Joe Christner, Water Quality Technician
August 22, 2018
On the way to work this morning, the early morning fog reminded me that it is late summer, and fall is around the corner. It is a great time of the year for many reasons. We are enjoying fresh produce from gardens and orchards, the weather is comfortable, and we can take advantage of many outdoor activities.
As the crops mature and harvest begins it is also a great time to evaluate management and conservation practices. Ask yourself, are there management practices I can change or try that may result in more profit and/or higher yields? Are there conservation practices I can apply that may result in future benefits such as reduced soil erosion, improved water quality, and better soil health? In other words, what are the results of the management and conservation practices I am using and what could I change to get different results?
Some of the management practices you may want to consider are crop rotations that include small grains or hay, no till, reduced tillage, new and/or different varieties of seed, and farming on the contour. There are pros and cons for each of these practices and every farm is different. Changing or adding one or more of these practices may be beneficial to your operation in the future.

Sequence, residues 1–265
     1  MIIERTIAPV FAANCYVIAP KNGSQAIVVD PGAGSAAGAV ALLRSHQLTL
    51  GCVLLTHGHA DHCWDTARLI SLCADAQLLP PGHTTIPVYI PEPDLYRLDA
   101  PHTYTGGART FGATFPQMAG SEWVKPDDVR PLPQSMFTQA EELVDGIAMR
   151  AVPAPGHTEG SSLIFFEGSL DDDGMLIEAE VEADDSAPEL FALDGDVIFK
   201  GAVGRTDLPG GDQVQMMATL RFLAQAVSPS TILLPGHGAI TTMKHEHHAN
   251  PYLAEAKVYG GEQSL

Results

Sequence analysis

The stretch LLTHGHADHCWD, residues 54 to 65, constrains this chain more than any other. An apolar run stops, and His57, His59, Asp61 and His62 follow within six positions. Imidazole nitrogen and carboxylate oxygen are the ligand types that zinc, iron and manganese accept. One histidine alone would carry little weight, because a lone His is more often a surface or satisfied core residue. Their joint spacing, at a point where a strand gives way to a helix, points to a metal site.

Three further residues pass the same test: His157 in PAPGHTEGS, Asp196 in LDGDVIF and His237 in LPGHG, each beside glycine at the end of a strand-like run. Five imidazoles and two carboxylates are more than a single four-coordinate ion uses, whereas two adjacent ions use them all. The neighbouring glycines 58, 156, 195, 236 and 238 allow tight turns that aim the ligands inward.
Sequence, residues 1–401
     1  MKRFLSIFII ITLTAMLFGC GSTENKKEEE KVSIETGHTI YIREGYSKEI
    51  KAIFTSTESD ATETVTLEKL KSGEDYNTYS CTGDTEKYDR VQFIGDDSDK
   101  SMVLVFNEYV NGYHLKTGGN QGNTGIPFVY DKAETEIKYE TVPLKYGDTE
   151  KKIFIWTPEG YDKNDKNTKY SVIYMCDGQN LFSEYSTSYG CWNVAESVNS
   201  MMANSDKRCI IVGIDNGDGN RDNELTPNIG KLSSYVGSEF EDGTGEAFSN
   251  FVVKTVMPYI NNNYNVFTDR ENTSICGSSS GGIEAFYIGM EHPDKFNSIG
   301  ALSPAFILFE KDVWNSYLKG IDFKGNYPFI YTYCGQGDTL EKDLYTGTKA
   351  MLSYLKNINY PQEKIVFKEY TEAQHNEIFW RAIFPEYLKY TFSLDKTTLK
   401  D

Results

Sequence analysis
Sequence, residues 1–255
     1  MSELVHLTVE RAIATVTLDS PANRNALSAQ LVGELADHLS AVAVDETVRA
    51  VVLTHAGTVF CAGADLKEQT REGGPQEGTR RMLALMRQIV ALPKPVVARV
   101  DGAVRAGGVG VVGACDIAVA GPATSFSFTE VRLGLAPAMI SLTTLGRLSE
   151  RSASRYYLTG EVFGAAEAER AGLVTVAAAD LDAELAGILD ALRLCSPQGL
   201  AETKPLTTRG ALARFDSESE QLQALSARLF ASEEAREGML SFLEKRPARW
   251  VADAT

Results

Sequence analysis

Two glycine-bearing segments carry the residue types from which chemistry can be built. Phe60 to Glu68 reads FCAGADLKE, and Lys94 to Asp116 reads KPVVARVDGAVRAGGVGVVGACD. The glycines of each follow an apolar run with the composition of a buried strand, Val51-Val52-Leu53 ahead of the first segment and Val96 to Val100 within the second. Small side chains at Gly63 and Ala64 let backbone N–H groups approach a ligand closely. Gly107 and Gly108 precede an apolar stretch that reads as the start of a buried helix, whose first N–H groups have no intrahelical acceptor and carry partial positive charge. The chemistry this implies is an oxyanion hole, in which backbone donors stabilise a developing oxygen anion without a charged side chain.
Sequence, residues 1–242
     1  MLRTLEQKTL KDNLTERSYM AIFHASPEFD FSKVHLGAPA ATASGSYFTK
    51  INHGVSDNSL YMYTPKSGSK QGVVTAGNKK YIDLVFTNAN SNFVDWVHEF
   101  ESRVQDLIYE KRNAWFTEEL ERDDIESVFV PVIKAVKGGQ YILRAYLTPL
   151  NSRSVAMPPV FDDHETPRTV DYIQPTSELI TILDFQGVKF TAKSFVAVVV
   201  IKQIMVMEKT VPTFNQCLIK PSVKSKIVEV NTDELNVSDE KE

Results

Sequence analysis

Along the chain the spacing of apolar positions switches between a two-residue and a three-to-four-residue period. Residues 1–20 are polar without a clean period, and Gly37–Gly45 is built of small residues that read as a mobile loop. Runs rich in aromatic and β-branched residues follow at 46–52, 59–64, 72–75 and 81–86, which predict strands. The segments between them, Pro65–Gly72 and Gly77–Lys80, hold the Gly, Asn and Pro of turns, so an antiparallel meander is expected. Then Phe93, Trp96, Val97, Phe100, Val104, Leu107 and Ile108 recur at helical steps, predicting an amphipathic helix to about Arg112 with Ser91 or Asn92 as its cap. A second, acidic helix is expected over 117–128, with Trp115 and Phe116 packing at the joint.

There are several conservation practices to consider that may have a big effect on your operation. Late summer and fall are a good time to apply or install many of these practices that can make a difference all year.
Planting a cover crop such as rye or oats into or after the cash crop is harvested is a practice with many benefits including reduced soil loss, improved soil health, reduced nutrient runoff, and improved water quality. Aerial application is one method to apply a cover crop seed to a growing crop. This is the ninth year for Holmes SWCD to coordinate an aerial program. During the week of September 4th the Fisher Ag Service yellow planes will once again be applying cover crop seed to fields in Holmes County. Many thousands of acres of covers crops will be broadcast or drilled after harvest as well. You might ask why you should plant a crop that you won’t harvest? Just remember the intense rain events of early last spring and the cost of the resulting soil erosion.
Soil testing all your fields every three years provides the information you need to make accurate nutrient recommendations for your crops. Providing adequate nutrients for crop growth without over applying can improve profit and reduce the risk of the nutrient runoff from your fields. Nutrient runoff reduces water quality and is an expense with no return. Fall is a great time of year to take soil tests. Holmes SWCD has several soil probes and soil bags available and can assist you in sending the samples to a lab and understanding the results.